Green
Add 1/4 teaspoon baking soda to a bowl of “violet blue” colored water before soaking the eggs. You can also soak eggs in boiled spinach water or liquid chlorophyll (available at natural food stores) or I dare you to try mixing a handful of fresh grass clippings and a little vinegar and water in a blender.

Brown
To a cup of hot water, add 3 tablespoons instant coffee and 1/2 teaspoon vinegar. Boiled back walnuts shells also produce a nice brown color.

How to Produce Color Variations
Rub or squish blueberries and cranberries directly on the dry shells for soft blues and pink. Mix them up for blotchy colors. Also, I’ve heard that a brown egg boiled in red cabbage dye and then soaked overnight, will come out a deep royal blue.

Designs and Patterns
Once the eggs have been hard-cooked and dried, hold one egg in your hand and drip glue (such as rubber cement) onto the egg’s surface. Drip the glue carefully to make a particular pattern, or just let the glue drip freely for an abstract effect. Place the egg on a stand that will allow the glue to dry without getting smudged. When the glue has dried, place the eggs in a prepared dye mixture until they are tinted to your liking. Remove them from the liquid and peel off the glue.

Tie-Dyed Eggs
Collect a handful of different sized rubber bands. Wrap the bands, one at a time, around the eggs. Dye the eggs, remove them from the liquid and let them dry completely before pulling off the rubber bands.

Crayon Eggs
Perhaps the easiest technique of all is the color-with-crayons method. Simply draw a design onto your eggs and then dye as you would any other Easter egg. Using a white crayon mimics the ancient art of decorating with wax before dyeing the eggs.

Half ‘n Half Eggs
Dip dyed eggs into a second coat of darker dye to add a whole new color. The first coat is boiled and the second is cold-dipped for 5 to 10 minutes. To cold-dip, place egg in a small glass bowl or paper cup and prop it up against the side. Some great color combinations include coffee and blueberry; turmeric and red cabbage; and onion skins and cranberry juice.

It’s a Wrap: With Onion Skins
This method is a little messy, but the results are always a pleasant surprise. Rub eggs with white vinegar and wrap in onion skins. Secure the skins with cotton string, dental floss, narrow rubber bands or nylon stocking. When boiled, the skins dye the shells giving a natural tie-dye look. To achieve a full, rich effect, practice using many layers of onion skins. Hint: Pre-dampening the skins helps them stick to the egg.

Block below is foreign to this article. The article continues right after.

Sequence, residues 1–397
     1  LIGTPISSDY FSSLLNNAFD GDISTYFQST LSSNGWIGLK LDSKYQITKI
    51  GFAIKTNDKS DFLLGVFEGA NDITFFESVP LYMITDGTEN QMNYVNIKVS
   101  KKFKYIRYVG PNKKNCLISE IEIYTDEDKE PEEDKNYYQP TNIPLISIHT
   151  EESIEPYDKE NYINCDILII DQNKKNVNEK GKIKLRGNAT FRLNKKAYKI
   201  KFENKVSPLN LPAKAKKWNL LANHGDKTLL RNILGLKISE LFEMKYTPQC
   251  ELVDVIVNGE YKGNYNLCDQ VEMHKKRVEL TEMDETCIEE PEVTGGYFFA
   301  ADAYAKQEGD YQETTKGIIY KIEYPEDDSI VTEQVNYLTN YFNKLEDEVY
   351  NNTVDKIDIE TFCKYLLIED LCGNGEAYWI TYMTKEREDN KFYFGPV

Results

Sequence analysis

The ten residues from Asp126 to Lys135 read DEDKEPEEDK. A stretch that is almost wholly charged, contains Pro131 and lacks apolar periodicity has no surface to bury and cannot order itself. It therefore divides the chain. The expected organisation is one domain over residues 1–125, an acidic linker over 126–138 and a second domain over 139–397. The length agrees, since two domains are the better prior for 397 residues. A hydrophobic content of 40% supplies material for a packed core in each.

After dyeing eggs with your own colorful concoctions, you’ll find yourself looking at your garden and products in the store with an artist’s eye. Remember, don’t limit your egg dyeing adventures to the Easter holiday. Colorful, hard-boiled eggs are fun any time of the year. Red and green for Christmas eggs?

Marion Owen is President of PlanTea, Inc. and Co-author of Chicken Soup for the Gardener’s Soul

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Colours of the Regency

“I took the liberty a few days ago of asking your black velvet bonnet to lend me its cawl, which it very readily did, and by which I have been enabled to give a considerable improvement of dignity to cap, which was before too nidgetty to please me. I shall wear it on Thursday, but I hope you will not be offended with me for following your advice as to its ornaments only in part. I still venture to retain the narrow silver round it, put twice round without any bow, and instead of the black military feather shall put in the coquelicot one as being smarter, and besides coquelicot is to be all the fashion this winter. After the ball I shall probably make it entirely black.”
Jane Austen to her Sister Cassandra
December 18, 1799

Colours are always integral to fashion and the names given to the new shades of the season as imaginative as they are confusing. Where trend gurus of 2006 push aubergine, petrol, raspberry, mustard, and moss on us; their counterparts of two centuries ago were not slow in urging its female readership to wear coquelicot, canary, pomona, jonquil or puce. But what did the colours really look like?

While ivory, rose, peach and lavender are quite easy to figure out, others are more obscure. Many colours were named after plants; roses being rosy red and lavender a delicate pale greyish purple. Slate, a dark grey reminiscent of paving stones, was popular for riding and walking dresses, while light purples, such as violet or lilac, adorned many a modest maiden. In Jane Austen’s time dyes were expensive, pigments made of natural substances and the resulting hues rather muted compared to our modern artificial dyes, hence even a bright yellow would not be as bright as we would imagine. Few pigments were colourfast; many faded in the sunlight or ran in the wash.